I don't know, I'm not a psychiatrist, I only play one on the internet. But I do know that Doc, after suffering through his mistakes, miscues, and hard luck, pitched a no-hitter in 1996. And although that wouldn't prove to be the icing of success and for-once-and-for-all domination of Dwight's personal hardships, it was a beacon of light against the wall of fog which is Doctor K's persona. Turbulent waters can be overcome, right Doc? But the 'great shroud of the sea rolls on as it rolled five thousand years ago.' Right, Doc? I have to get past all these childish things, right Doc?

It's not easy, I can tell you.

I have a protective placard on my desk. It's a baseball card holder. Holds four cards. They're all Dwight. Two rookie cards, the the Fleer '01 fireballer card, the Member's choice card from Stadium Club. Under my desk there is the "Amazing Mets" Sports Illustrated--the one with the word 'Mets' crossed out and replaced by the word 'Mess'. Yeah, yuck yuck. I suppose my desk is my own little churchofdoctorK.com. But, sometimes its a chapel of pain. Today I'm thirty-eight years old and, I'm ashamed to admit, I still find myself staring at those glossy pictures of Doc in sorrow. Or maybe it's anger. Or maybe I'm just mad that it still makes me mad.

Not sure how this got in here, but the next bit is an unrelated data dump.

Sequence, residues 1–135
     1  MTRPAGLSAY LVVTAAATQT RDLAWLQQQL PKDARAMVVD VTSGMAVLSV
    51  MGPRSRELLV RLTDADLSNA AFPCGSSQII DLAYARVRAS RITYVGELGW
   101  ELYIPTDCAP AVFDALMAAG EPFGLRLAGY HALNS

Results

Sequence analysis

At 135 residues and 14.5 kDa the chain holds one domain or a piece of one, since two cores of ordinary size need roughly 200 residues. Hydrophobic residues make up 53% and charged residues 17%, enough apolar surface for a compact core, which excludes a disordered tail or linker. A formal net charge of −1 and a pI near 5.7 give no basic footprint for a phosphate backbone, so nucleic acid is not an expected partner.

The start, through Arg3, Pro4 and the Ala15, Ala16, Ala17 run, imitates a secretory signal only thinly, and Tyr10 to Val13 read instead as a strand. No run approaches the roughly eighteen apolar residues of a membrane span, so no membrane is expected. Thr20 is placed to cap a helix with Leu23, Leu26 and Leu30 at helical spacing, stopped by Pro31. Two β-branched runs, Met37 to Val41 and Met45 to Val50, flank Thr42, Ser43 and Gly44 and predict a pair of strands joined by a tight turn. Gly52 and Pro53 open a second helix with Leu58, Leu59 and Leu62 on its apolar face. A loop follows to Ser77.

That's why I want Doc for my birthday this year. The Dwight Gooden who was the flamethrowin' hope of tomorrow. The Doctor K everyone feared and all admired. That's why you won't find any mugshots or post-incarceration interviews in this entry today. Because today, I let it all go. I'm taking the old Doc back, the Doc that inspired me to play a game I was admittedly never very good at. The Doc that taught me all the nuances of baseball and evoked my participation in the sport as a spectator, player and fan. Above all, I'm taking back the Doc that inspired me to rise above oppressions you don't get to know about and escape a fate worse than death--a life without the game.

So, this is my birthday present to myself.